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Getting in the way of a Mega-Event

October 30th, 2007 by rsommerseth · 1 Comment

20 percent of all forced evictions in 2004 were related to a mega-event of some sort, according to COHRE (Centre of Housing Rights and Evictions)
The incitement of hosting a mega-event is the pursuit for benefits; beneficial both socially, economically and hopefully beneficial for the local population first of all. But critics claim that a substantial part of the residents, mainly the lower class, experiences the downside more than the benefits.

Kim's powerpoint
Screenshot of Kimberly Schimmel’s powerpoint

How the infrastructural change is being handled to prepare for a mega-event is up to the local governments and it is getting handled in a very different matter from place to place.

One thing is certain though: Every single Olympic Game from 1988 to 2008 have evident forced evictions of some sort. Kimberly Schimmel, Professor of the Sociology of Sport at Kent State University broached the subject at the Mega Event debate, and referred to the disturbing research conducted by COHRE stating that over 2 million people have been displaced, due to the Olympic Games alone, during the last 20 years. At the 1996 Atlanta alone the number reached 30.000 people.Kimberly Schimmel
“What typically happens is that the host nation tends to get on the bandwagon and then it gets very, very hard to get any kind of critical information into the public domain”,
Kimberly Schimmel says. “The information coming from China at the moment is absolutely startling. Hundreds of thousands of people are losing their homes, and I have even heard about people get a knock on their door, and is asked to go pack their suitcase immediately and get out”.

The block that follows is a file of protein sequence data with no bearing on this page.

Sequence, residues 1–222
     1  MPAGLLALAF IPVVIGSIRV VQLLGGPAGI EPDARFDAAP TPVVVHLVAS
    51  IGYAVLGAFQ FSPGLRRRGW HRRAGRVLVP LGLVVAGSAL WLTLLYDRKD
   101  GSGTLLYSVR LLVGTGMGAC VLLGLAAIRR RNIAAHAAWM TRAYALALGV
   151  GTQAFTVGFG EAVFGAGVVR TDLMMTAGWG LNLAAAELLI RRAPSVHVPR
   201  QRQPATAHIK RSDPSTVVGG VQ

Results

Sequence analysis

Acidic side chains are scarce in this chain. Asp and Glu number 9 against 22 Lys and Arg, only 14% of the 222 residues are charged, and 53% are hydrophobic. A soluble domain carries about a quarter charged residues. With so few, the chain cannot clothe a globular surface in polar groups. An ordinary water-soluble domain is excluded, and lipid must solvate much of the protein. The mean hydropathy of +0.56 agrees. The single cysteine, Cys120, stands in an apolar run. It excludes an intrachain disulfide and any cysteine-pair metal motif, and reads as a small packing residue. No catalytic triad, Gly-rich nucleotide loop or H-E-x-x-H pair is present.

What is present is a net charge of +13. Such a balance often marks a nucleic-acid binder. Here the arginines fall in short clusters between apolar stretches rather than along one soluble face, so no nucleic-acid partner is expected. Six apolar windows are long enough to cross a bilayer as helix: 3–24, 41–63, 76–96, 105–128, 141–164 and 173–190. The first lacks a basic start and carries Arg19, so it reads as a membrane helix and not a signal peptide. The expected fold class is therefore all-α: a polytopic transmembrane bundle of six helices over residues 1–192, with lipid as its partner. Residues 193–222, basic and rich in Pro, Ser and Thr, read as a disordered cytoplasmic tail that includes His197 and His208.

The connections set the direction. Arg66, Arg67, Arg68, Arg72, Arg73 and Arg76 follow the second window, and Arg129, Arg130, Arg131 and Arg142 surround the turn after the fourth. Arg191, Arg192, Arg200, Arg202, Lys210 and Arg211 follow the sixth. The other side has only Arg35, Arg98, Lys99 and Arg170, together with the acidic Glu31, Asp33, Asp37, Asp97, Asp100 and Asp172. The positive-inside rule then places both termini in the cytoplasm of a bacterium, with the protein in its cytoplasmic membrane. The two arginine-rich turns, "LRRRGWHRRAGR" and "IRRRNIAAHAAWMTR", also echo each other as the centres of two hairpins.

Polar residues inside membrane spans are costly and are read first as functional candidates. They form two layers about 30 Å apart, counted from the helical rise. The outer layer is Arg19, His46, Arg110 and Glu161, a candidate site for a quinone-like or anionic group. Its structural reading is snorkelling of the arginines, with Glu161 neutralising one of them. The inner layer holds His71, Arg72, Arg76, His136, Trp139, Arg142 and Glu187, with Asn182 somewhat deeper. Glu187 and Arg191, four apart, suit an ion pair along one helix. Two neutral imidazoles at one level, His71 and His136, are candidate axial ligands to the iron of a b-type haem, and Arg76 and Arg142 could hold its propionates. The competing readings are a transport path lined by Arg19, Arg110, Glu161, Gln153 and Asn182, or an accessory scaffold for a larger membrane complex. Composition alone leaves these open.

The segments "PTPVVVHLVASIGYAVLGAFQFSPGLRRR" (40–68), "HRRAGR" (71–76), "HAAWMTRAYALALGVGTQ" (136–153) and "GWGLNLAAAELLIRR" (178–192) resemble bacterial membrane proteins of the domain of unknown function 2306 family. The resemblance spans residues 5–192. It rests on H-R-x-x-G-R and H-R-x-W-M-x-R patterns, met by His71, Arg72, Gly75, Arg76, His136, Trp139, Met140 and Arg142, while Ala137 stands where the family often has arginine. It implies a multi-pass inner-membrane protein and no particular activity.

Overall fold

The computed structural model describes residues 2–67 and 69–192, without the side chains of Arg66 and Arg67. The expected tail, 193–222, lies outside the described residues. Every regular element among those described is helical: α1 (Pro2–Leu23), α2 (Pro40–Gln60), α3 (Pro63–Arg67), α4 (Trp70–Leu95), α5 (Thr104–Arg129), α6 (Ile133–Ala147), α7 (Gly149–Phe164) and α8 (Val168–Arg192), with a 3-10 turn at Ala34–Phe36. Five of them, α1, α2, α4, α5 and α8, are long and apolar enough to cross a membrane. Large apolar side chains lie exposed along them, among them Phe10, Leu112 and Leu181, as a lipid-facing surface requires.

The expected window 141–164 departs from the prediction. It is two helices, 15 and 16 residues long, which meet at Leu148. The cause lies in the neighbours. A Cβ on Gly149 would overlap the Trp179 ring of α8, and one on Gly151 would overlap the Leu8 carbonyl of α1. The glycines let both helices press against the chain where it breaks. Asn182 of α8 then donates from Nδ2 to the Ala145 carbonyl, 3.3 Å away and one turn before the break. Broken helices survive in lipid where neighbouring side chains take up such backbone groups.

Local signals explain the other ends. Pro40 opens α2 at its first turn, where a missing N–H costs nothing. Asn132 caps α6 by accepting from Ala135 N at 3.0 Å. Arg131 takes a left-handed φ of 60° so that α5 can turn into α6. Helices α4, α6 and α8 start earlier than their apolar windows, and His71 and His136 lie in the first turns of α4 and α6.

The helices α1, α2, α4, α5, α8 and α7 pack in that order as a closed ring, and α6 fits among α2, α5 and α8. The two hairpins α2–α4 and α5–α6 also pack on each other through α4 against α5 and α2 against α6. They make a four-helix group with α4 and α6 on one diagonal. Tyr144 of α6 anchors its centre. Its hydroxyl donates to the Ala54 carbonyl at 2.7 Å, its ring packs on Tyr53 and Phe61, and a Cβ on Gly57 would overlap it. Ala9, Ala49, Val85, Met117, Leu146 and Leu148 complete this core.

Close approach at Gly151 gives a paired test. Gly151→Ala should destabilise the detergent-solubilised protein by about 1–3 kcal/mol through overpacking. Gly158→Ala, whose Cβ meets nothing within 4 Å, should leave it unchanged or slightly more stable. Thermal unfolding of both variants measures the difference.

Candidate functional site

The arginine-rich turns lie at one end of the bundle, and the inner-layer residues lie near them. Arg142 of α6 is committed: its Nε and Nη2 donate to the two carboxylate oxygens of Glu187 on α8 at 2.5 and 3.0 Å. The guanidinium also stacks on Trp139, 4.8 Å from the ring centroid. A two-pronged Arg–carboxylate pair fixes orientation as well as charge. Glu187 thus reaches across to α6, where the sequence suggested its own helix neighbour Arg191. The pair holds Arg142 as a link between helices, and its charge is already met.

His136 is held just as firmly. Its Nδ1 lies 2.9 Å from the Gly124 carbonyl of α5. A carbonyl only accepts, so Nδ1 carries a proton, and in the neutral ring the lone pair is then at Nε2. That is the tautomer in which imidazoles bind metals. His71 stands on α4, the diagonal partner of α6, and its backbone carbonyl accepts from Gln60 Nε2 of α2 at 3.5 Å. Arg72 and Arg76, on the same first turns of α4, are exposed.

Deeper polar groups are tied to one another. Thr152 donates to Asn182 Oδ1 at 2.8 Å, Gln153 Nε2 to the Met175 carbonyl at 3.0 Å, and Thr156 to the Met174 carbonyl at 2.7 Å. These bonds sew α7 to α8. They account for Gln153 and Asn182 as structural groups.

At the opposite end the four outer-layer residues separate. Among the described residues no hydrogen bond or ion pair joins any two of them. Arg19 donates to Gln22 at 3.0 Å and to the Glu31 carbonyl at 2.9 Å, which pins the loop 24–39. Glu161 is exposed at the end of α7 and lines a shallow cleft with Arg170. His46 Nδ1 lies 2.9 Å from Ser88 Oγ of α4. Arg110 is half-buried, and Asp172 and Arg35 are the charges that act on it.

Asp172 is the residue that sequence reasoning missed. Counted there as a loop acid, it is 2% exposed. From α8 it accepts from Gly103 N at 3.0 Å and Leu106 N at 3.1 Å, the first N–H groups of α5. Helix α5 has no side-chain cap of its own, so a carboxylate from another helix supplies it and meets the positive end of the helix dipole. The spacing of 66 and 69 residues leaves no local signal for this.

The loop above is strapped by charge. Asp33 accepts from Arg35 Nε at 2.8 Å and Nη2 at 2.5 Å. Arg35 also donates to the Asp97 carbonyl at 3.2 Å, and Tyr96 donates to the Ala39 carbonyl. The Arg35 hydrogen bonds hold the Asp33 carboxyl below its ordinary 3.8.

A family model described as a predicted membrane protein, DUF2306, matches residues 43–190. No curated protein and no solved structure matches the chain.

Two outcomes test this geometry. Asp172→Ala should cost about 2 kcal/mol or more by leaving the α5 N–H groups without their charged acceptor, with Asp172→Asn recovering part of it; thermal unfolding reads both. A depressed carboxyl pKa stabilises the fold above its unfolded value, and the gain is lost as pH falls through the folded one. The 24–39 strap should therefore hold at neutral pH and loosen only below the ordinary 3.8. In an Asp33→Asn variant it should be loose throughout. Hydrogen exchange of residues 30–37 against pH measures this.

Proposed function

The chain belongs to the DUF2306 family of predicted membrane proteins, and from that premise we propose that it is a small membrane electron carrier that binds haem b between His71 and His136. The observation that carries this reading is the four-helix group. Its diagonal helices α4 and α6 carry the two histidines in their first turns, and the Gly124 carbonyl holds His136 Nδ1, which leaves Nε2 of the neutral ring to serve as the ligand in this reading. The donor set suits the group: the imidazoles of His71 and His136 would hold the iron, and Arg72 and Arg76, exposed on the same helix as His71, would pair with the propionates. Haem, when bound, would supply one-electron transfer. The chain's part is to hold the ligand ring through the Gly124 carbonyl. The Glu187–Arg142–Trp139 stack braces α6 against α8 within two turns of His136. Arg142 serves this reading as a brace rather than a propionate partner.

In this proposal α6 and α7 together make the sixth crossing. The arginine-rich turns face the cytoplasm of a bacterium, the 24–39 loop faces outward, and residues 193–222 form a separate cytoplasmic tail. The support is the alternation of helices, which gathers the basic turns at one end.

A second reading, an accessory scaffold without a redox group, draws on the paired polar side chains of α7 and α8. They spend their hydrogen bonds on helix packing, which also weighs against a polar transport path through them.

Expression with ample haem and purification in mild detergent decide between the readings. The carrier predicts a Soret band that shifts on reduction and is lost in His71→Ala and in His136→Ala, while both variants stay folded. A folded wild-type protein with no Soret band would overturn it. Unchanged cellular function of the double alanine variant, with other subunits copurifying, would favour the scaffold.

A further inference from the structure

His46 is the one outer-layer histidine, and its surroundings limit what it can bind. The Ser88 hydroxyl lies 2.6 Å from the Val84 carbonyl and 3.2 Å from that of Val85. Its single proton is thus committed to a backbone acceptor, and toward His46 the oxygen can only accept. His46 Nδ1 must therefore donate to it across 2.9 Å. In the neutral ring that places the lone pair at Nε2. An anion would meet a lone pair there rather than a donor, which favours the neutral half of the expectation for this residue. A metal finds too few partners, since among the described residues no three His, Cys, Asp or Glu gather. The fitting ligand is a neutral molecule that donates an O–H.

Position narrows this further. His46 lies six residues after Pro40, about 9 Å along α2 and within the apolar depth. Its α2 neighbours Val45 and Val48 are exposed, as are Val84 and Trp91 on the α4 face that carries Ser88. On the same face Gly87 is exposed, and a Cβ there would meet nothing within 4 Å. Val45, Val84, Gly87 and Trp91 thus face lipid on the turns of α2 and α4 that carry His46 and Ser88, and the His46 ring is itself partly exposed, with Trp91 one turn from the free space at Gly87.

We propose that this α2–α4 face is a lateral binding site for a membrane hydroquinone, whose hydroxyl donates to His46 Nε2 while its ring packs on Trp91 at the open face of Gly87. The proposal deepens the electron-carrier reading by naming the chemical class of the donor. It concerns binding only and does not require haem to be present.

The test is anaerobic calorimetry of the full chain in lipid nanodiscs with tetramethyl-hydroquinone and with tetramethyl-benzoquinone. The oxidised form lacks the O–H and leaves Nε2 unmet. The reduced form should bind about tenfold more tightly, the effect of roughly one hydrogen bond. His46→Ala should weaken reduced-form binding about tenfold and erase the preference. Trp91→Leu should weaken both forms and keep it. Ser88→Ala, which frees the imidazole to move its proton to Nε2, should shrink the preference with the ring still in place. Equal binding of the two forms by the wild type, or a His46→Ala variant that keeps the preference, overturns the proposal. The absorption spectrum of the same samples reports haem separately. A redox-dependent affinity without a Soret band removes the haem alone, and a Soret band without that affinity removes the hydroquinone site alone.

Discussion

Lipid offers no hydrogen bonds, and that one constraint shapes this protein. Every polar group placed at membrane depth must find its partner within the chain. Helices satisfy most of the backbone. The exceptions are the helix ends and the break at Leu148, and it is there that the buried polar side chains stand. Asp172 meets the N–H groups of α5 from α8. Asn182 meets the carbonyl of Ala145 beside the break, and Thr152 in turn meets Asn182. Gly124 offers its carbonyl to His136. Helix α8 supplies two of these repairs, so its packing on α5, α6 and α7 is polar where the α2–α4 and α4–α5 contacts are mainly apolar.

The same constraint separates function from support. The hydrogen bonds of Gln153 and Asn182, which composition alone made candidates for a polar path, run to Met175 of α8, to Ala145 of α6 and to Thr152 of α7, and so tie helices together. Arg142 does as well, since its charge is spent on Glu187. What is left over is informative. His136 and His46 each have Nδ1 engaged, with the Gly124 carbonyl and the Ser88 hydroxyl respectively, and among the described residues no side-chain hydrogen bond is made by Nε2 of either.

Different nations have different ways of compensating evicted people, but Kimberly Schimmel also see the law about eminent domains conducted by many countries as a slippery slope when it comes to Mega-Events. According to her, the law about eminent domain is being interpreted differently from place to place, and those decisions have to be fought in court and bound to be a very long process.
”And there aren’t that many people that get on the side of a small slum housing area and the people that get evicted. People rally behind it when they hear about it, but it is not always easy to keep your finger on all of that”, she says.

According to Kimberly Schimmel one can not conclude that hosting a mega-event is purely good or bad. She agrees that some people will benefit from the event, but it rarely tends to be the people who are most needy: “We tend to simplify the language, but a city can not be looked at as a unitary entity, so what you find is that the event is very beneficial to some, and extremely burdensome to others” Kimberly Schimmel say and concludes:
“When talking about the biggest of the biggest events, I fundamentally do not find them beneficial as the cost for the people that is most needy outweighs the benefits for the people that already have the things they need. I hope time will prove me wrong though”.

Read more about evictions at mega-events on

Tags: Theme: Mega-events

1 response so far ↓

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